Absurdly Driven looks at the world of business with a skeptical eye and a firmly rooted tongue in cheek. 


My first impression of Amy Cuddy is that she's not entirely self-obsessed.

She might be a little confident, but I know she isn't over-confident. I know this because she says: "I want to make sure I haven't lost you."

This is peculiarly caring for someone I don't know. It's very caring for someone I've never met.

I have, you see, merely been browsing Cuddy's new book called: "Presence."

It's a work about first impressions and how you can make someone feel that you are truly there with them, as opposed to elsewhere.

I confess I wasn't naturally predisposed to thinking Cuddy would be worth listening to.

She's a social psychologist and she's at Harvard. Where I come from, that's two strikes against.

However, one shouldn't confuse one's prejudices with one's first impressions. 

Cuddy believes that "first impressions based on the qualities of enthusiasm, passion, and confidence might actually be sound -- precisely because they're so hard to fake."

She explains: "When you are not present, people can tell. When you are, people respond."

For Cuddy, presence is "the state of being attuned to and able to comfortably express our true thoughts, feelings, values and potential."

This might -- and I say might -- work in personal relationships. But in business?

If we really expressed our true thoughts and feelings, our presence in some of our companies would be very short indeed.

Still, Cuddy insists that when you meet someone for the first time, your presence will be appreciated positively along two criteria -- trust and competence.

Many make the mistake, she says, that competence is everything. Many of these people are called Harvard MBAs.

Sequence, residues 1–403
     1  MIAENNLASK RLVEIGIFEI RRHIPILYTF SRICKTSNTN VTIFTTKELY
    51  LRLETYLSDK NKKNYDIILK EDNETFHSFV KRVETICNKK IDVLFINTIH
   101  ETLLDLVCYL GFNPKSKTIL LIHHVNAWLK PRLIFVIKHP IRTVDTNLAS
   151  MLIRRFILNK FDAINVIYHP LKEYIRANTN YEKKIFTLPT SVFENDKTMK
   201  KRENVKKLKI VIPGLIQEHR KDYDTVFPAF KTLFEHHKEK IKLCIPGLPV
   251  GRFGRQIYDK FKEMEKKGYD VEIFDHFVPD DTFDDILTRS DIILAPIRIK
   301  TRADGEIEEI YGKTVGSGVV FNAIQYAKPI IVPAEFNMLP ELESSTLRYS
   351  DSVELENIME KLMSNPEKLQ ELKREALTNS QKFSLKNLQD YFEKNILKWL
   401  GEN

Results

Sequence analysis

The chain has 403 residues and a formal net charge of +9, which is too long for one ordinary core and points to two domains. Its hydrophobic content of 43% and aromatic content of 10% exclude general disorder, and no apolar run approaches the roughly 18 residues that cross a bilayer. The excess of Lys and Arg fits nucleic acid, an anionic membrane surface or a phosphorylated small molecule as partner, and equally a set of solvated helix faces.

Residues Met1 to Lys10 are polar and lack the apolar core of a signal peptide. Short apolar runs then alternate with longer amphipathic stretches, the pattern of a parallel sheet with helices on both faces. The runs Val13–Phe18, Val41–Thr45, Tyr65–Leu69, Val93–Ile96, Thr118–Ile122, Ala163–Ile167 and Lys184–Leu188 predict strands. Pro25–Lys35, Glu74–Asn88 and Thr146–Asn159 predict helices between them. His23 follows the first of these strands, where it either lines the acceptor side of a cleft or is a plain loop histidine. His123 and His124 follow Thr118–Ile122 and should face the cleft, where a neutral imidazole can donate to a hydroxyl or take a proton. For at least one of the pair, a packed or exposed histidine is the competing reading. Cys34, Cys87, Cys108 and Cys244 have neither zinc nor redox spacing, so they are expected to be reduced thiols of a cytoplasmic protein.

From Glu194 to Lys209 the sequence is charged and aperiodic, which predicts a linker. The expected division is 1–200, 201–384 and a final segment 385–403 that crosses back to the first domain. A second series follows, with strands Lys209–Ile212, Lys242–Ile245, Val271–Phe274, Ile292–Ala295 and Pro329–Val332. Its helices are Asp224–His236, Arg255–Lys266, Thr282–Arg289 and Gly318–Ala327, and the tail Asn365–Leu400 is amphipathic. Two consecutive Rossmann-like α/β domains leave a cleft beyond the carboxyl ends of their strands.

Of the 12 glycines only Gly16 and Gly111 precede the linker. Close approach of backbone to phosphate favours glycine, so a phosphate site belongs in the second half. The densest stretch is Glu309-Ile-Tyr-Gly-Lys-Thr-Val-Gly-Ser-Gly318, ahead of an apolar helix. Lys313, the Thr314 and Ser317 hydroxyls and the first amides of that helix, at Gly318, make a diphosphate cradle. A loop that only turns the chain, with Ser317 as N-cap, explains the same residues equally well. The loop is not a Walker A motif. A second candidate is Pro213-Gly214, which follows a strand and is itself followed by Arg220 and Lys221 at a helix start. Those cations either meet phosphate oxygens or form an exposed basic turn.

They ooze competence in the belief that this will somehow make everyone swoon.

Somehow, they forget something that Cuddy calls "warmth."

For her, warmth is more important.

Warmth is the ability to make someone else trust you and your intentions. She writes: "From an evolutionary perspective, it is more crucial to our survival to know whether a person deserves our trust."

It's odd, then, that one's life experience tends to show that very few people deserve our trust.

Worse, we give our trust to some people who then betray it -- sometimes not long after it was given. For them, trust is like flipping a house.

What can we do? Life is temporary. We have to use whatever survival skills we have and hope that others don't stomp on our hopes and our very being.

So when you meet someone for the first time -- in whatever context -- it might be worth putting your startling excellence somewhere near the back of your mouth and instead attempting to be merely present and human.

"A warm, trustworthy person who is also strong elicits admiration, but only after you've established trust does your strength become a gift rather than a threat," Cuddy writes.

A problem with this might be self-delusion. Humans are extremely good at that. Cuddy believes that "you can't sell a skill you don't have."

But isn't this precisely what people do when they fake it until they make it? And doesn't it actually work for quite a few?

For Cuddy, presence is "about believing in and revealing the abilities you truly have."

But truth and self are like lovers in first bloom. They make so many promises to each other. It may take them 50 years to realize who they really are. When they do, it can be frightfully ugly.

Of course, I didn't read all of Cuddy's book. The whole point was to get a first impression of it.

You now must decide whether her words offer sufficiently trustworthy feelings for you to become more acquainted with her written competence.

Being a writer is hard. It's much harder than being a social psychologist. With the latter, you can try to get people to believe in your competence.

With the former, you have to get them to trust that getting from one sentence to the next will be worth it.

Trust me on that one.